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Unable to move Asik on their terms, Rockets now face real deadline

Faced with unappealing offers for Omer Asik, the Rockets halt trade talks -- for now.   (USATSI)
Faced with unappealing offers, the Rockets halt Omer Asik trade talks -- for now. (USATSI)

After backing out of trade talks for Omer Asik on Thursday, the Rockets are faced with the same dilemma they had before: Two months to trade their unhappy center.

So, nothing really changed except that Thursday's self-imposed deadline to satisfy the Turkish big man's trade request wasn't much of a deadline.

And the teams Houston was dealing with knew it.

League sources say Asik's new agent, Arn Tellem of Wasserman Media Group, left Houston Thursday morning after efforts to get his client routed to greener pastures -- Boston, for example -- did not come to fruition. Houston GM Daryl Morey's desire to move Asik by Thursday so he could subsequently repackage any players involved before the Feb. 20 trade deadline did not outweigh the paucity of unattractive deals on the table.

Rival executives were dubious from the beginning of a scenario that would've sent Asik to Boston for Brandon Bass, Courtney Lee and a first-round pick. Bass and Lee are two contracts that Celtics GM Danny Ainge is trying to unload, and league sources say he'd probably have to give up a draft pick to find a taker for Lee, anyway. So a deal that would also shed Bass and bring in Asik, a defensive center who is only 27, would be "a great deal for them," one executive said.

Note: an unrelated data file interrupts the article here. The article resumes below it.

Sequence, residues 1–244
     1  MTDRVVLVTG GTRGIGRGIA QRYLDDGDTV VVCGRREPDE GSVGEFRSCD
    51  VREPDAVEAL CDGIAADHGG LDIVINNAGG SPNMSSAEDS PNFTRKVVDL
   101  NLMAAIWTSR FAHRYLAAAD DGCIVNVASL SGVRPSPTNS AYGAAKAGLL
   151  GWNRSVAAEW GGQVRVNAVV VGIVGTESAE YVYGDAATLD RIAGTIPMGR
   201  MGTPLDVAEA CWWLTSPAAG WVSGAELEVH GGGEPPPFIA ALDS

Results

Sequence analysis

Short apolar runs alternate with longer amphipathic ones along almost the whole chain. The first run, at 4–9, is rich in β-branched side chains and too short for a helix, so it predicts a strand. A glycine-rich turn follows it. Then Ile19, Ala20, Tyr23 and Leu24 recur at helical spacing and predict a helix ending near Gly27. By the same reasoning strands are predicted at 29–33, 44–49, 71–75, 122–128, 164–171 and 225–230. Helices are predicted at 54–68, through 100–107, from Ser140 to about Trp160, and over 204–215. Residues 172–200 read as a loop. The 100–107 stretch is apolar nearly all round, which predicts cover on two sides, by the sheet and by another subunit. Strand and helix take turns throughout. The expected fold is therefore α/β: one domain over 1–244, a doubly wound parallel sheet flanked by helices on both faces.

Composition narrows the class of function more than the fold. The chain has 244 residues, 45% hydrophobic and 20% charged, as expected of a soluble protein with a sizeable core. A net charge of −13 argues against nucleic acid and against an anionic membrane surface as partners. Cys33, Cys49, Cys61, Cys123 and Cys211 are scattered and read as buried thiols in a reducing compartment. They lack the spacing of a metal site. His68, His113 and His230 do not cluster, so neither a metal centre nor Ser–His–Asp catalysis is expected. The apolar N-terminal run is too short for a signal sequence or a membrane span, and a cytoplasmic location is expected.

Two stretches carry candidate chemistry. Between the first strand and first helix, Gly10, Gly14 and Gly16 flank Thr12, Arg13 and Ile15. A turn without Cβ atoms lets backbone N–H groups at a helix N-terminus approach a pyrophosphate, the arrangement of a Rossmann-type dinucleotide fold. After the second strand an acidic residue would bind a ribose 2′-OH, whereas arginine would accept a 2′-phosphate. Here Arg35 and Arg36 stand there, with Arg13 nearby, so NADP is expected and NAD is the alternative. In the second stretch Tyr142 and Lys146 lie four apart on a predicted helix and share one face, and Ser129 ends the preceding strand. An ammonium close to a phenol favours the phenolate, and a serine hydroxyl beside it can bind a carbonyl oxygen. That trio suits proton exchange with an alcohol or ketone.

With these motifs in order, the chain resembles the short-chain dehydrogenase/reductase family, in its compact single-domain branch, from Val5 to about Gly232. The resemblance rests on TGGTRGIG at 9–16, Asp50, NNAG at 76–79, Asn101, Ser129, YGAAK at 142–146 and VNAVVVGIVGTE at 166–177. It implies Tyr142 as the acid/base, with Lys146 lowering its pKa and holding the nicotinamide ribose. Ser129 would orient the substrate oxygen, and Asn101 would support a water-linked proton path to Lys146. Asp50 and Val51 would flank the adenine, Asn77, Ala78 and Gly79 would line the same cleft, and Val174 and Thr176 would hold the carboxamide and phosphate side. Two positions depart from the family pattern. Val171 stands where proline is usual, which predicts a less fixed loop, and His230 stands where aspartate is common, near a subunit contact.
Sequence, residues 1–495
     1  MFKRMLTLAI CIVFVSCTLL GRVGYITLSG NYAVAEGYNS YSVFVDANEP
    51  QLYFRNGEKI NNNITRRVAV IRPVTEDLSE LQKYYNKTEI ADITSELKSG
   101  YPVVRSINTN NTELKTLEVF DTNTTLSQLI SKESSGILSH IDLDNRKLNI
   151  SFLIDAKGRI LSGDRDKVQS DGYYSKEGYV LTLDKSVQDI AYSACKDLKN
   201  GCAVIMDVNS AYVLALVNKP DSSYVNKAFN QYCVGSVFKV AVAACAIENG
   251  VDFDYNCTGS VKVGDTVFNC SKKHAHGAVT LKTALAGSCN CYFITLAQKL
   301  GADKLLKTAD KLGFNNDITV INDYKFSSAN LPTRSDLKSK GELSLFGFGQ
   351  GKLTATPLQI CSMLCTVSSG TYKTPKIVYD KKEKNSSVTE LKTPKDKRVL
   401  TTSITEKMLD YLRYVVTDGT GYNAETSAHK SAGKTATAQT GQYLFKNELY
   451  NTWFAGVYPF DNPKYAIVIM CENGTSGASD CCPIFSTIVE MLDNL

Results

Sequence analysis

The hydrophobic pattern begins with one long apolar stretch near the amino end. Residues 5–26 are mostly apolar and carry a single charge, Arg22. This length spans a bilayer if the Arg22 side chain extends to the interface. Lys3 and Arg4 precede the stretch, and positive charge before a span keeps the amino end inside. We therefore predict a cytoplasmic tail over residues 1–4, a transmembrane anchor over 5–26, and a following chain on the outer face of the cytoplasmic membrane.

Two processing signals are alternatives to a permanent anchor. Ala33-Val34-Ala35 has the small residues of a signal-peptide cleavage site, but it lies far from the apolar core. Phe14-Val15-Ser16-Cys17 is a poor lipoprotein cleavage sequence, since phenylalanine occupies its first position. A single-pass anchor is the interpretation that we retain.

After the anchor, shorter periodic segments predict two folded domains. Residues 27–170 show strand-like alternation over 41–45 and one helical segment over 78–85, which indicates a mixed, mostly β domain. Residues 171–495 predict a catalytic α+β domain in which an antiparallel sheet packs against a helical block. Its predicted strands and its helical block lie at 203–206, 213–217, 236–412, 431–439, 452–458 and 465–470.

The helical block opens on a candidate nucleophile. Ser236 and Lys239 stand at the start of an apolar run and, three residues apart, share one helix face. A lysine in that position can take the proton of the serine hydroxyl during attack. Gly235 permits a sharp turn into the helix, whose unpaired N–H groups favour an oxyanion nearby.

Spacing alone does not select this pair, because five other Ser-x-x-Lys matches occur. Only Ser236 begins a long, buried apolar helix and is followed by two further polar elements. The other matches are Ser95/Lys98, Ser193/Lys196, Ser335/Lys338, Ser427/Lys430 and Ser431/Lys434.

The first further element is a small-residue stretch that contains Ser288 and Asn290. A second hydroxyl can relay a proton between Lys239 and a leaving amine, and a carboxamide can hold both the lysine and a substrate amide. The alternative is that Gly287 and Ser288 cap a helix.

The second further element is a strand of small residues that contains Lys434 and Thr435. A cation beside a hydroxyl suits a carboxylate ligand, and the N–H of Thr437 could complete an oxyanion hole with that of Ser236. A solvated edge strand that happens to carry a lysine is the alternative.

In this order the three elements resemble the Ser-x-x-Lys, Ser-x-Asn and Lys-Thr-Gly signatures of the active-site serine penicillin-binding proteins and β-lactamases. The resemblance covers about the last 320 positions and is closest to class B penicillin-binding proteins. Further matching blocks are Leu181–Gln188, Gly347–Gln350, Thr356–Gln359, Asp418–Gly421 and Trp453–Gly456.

If that was the deal Morey wanted, it would've been done already. Clearly, it wasn't. One person familiar with Morey's thinking said the Houston GM did not covet Bass or Lee, and likely only considered such a deal if he could have flipped one or both of them in future deals. Of course, A) he couldn't do that unless he acquired them by Thursday under NBA rules, and B) league sources say the market for both players would've been minimal, anyway.

So, having tried to create a market for Asik with this fictitious Thursday deadline -- another mundane negotiating dance being characterized as a "sweepstakes" -- Morey hoped another team would step up with a sweeter offer. Perhaps his old buddy and co-worker, Sixers GM Sam Hinkie, would oblige by offering Thaddeus Young. Maybe Hawks GM Danny Ferry would throw Paul Millsap's name into the mix -- though, if he was bidding against a package of Bass and Lee, it's not clear why he would do that. And evidently, Ferry didn't, because the Rockets would've have ended the talks on Thursday.

Cleveland was volunteered as a potential suitor, except that it wasn't -- not in a deal that would involve Anderson Varejao, the player the Rockets wanted. There was even a "mystery" or "wild-card" team -- oooooh, tell me more -- but that one never came to fruition, either. Let's just say that when that supposed team was identified as the Portland Trail Blazers, I didn't even have to make a phone call to know that it wasn't them.

The truth is, Morey made a valiant effort to do his job -- create a market for a player he has to trade. It's not going to work now -- as of 2:10 p.m. ET on Dec. 19 -- but that doesn't mean it won't work eventually. The simple fact is that there is no such thing as ending trade talks on Dec. 19. There are only two things that end trade talks: 1) a trade, and 2) the trade deadline.

Both scenarios remain in play.

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